Inside a pair of red, white, and blue medical triage tents recently erected to treat coronavirus patients without infecting the emergency room at Mount Sinai South Nassau Hospital in Oceanside, medics battle the pandemic.
The efforts are designed to allow doctors and nurses to continue compassionately caring for the usual hospital full of patients being treated for assorted injuries and afflictions, as well as a rising tide of people being diagnosed with COVID-19 despite unprecedented government-mandated mitigation initiatives restricting work, school, and socialization.
“The healthcare system is already overwhelmed by this,” says Dr. Aaron Glatt, a national expert on infectious diseases who chairs the Department of Medicine at the hospital. “I think that the real heroes of the virus are the healthcare workers that are putting themselves on the line despite the very difficult conditions that they’re under.”
It has been the worst flu season in a decade with 400,000 hospitalizations and 24,000 deaths nationwide by March 21. Then the coronavirus pandemic exploded on Long Island, quickly filling up the remaining bed space at the nearly two dozen hospitals across Nassau and Suffolk counties. Temporary federal hospitals were erected to handle the overflow. Hotels were being eyed as a last resort for makeshift hospitals as of press time.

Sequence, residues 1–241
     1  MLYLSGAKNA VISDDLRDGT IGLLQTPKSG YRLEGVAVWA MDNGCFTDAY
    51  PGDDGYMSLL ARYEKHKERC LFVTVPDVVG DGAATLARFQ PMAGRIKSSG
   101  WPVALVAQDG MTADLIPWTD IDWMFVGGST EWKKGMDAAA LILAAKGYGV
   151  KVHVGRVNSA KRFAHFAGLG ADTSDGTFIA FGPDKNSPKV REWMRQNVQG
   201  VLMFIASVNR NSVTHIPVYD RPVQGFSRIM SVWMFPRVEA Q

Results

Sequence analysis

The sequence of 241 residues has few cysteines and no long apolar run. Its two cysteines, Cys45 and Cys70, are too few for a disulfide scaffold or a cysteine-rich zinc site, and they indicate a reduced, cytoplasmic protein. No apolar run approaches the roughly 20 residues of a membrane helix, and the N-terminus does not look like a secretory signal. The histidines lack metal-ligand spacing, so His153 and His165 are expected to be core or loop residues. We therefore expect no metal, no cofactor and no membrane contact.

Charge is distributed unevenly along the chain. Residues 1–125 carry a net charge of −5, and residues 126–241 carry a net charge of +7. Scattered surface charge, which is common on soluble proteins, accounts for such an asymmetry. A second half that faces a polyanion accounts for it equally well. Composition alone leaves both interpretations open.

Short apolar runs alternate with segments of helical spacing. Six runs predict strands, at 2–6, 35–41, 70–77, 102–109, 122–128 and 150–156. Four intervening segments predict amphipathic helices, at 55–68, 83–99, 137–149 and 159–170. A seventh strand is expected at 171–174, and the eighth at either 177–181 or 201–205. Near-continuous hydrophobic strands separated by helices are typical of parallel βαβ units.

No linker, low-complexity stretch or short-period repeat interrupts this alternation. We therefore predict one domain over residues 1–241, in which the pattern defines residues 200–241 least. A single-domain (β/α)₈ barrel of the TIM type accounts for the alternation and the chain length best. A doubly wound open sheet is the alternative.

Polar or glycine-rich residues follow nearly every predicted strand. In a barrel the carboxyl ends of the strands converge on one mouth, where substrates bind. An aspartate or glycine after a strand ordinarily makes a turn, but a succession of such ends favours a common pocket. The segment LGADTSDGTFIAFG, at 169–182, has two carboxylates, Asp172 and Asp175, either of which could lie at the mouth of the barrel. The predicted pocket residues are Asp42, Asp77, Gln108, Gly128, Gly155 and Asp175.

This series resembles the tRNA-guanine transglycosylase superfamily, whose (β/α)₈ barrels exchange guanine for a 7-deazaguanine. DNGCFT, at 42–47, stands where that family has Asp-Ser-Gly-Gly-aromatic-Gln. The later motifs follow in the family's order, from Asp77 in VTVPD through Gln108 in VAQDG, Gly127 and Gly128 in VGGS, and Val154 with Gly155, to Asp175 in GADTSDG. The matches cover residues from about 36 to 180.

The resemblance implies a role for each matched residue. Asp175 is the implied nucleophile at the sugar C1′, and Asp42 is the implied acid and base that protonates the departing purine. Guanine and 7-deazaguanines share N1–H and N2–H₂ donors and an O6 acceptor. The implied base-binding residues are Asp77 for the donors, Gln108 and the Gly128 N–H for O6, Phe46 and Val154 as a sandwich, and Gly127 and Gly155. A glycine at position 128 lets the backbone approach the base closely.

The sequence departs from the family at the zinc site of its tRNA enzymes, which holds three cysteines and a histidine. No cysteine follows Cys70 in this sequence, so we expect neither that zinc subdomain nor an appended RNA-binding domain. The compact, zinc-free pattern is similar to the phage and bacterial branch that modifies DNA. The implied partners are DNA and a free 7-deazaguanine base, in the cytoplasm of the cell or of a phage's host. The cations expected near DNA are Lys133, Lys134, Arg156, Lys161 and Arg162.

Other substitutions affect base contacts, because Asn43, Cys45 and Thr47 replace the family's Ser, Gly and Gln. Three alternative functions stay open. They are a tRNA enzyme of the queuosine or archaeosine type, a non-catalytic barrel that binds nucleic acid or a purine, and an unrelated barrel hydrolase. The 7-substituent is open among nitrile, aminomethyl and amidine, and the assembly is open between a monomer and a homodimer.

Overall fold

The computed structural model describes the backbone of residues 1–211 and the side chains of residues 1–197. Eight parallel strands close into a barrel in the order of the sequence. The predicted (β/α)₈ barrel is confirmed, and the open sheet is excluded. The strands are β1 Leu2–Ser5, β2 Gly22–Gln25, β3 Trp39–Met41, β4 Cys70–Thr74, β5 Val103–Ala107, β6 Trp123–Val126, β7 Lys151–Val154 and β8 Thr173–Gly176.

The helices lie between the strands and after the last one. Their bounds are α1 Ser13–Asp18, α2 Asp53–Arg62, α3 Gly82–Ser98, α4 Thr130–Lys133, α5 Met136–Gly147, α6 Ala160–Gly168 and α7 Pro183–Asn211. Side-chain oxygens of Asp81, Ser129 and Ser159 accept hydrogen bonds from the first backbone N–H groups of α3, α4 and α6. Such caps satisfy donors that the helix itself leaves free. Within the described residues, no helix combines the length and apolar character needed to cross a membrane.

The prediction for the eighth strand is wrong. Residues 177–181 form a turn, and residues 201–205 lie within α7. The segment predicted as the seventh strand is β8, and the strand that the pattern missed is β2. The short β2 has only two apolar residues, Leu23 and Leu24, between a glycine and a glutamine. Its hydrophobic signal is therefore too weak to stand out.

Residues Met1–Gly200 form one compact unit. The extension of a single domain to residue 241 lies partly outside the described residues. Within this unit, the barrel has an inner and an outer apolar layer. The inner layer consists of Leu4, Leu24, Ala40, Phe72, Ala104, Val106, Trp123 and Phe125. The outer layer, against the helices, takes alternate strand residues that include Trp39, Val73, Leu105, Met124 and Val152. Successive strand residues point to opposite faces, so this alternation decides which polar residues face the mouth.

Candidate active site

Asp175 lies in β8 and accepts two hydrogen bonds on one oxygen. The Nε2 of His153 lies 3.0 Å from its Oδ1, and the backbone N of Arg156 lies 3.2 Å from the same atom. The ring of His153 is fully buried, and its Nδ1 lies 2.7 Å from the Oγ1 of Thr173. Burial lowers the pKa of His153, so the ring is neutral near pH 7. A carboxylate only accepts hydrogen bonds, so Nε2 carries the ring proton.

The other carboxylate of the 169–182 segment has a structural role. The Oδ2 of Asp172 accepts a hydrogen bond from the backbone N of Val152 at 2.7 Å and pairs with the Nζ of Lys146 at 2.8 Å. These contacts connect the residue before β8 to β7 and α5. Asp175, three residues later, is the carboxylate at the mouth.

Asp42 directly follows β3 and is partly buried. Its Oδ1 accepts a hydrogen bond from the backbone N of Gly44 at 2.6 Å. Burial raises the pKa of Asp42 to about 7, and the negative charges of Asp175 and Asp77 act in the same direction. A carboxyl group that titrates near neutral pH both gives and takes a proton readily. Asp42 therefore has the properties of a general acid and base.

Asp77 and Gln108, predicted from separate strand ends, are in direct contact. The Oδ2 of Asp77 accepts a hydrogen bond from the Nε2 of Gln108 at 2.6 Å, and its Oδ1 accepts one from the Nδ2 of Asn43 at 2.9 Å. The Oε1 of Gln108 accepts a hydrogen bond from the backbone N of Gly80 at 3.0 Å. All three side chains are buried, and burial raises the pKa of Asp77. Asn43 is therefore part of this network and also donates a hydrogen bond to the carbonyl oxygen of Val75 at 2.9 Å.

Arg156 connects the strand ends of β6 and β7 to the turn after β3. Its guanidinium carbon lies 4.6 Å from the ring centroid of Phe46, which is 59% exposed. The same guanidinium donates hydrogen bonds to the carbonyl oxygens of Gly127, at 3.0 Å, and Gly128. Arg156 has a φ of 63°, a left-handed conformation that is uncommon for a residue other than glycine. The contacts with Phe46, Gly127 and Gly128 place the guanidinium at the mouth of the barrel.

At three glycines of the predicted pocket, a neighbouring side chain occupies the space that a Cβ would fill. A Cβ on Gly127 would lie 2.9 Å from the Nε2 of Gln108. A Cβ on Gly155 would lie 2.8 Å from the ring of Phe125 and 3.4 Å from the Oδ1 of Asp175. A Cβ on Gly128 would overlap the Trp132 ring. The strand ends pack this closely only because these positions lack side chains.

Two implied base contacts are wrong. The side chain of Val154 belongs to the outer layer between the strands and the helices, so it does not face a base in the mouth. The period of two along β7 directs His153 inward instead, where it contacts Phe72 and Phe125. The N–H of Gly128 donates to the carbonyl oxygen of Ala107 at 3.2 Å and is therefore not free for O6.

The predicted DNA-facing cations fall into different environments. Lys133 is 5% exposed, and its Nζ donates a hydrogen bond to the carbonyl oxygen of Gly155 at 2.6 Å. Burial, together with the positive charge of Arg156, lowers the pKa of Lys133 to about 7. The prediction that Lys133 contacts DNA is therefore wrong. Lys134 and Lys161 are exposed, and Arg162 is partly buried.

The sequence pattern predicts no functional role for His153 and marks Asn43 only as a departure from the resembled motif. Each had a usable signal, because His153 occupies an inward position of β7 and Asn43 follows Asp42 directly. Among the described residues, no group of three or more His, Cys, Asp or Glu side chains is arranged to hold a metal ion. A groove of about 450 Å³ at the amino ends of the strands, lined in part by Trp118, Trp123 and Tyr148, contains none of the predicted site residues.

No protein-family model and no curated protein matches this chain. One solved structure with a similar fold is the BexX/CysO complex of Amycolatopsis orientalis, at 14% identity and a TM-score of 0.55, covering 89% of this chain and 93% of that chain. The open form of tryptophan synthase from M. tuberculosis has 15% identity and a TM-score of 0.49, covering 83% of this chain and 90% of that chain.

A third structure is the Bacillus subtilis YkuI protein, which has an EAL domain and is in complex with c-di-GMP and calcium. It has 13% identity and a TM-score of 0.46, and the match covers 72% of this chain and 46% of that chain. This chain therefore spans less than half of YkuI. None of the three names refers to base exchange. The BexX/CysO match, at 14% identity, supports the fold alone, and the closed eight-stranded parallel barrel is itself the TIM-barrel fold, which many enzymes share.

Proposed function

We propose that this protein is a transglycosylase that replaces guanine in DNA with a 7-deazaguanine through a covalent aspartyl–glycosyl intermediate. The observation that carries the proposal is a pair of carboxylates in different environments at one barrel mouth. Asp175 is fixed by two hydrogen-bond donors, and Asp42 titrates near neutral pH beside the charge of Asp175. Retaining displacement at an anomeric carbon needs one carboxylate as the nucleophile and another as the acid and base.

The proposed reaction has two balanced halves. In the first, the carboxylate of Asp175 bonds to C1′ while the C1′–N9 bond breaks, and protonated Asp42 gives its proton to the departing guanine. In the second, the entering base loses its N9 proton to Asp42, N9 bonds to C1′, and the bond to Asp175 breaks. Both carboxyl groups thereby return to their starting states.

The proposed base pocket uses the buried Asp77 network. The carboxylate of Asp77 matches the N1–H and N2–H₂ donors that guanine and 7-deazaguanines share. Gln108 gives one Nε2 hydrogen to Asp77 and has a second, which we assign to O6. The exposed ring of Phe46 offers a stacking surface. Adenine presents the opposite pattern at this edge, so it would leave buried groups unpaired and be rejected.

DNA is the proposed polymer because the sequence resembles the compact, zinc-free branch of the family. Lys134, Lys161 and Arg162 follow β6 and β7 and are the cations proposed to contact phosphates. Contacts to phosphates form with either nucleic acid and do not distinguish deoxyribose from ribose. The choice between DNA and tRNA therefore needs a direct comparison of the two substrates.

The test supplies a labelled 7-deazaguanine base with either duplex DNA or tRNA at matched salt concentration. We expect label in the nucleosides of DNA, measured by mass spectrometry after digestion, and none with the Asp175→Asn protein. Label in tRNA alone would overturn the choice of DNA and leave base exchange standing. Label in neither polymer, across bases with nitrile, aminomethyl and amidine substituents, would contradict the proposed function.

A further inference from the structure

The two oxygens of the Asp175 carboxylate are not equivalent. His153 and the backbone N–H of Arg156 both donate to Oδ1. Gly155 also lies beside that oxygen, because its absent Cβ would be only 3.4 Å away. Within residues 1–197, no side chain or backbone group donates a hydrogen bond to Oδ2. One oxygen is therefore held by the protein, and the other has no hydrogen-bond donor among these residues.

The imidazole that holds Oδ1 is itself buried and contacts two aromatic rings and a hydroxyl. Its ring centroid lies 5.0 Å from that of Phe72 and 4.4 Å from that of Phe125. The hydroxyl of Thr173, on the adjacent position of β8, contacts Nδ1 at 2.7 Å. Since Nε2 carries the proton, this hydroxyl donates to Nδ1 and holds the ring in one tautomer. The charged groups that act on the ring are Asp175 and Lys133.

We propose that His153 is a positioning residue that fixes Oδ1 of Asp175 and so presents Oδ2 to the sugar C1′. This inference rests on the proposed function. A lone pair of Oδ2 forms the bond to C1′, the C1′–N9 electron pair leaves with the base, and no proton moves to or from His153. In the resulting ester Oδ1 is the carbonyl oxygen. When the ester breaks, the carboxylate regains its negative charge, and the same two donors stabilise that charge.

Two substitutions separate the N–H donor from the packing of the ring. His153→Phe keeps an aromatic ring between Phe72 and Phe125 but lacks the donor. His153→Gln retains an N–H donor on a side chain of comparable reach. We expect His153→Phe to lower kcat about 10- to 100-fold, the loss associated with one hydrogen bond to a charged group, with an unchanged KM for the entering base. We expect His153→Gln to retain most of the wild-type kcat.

At South Nassau, staffers converted conference rooms into patient care space and ensured that the hospital’s airflow systems didn’t spread coronavirus to other patients.
“We’re basically creating an entire hospital as an intensive care unit,” Dr. Glatt says.
Although Mount Sinai South Nassau is one of the region’s largest hospitals, with 455 beds, more than 900 physicians, and 3,500 employees, Dr. Glatt remains worried about capacity ahead of the virus’ anticipated peak in mid-April.
“The amount of patients that need ventilators is a concern,” he says, noting that there were more than 200 coronavirus patients, 50 of whom were on respirators, as of press time.
While COVID-19 spreads in similar ways as the flu or common cold, there is still much health experts do not know about this virus. The U.S. Centers for Disease Control warns that the coronavirus may have a long-lasting impact, and, while researchers are working on a vaccine to combat it, one is not currently available.
“Follow the advice of the public health experts,” Dr. Glatt says. “The only reason [the public] should be going outside is to get food. And if they can get food delivered, even better.”
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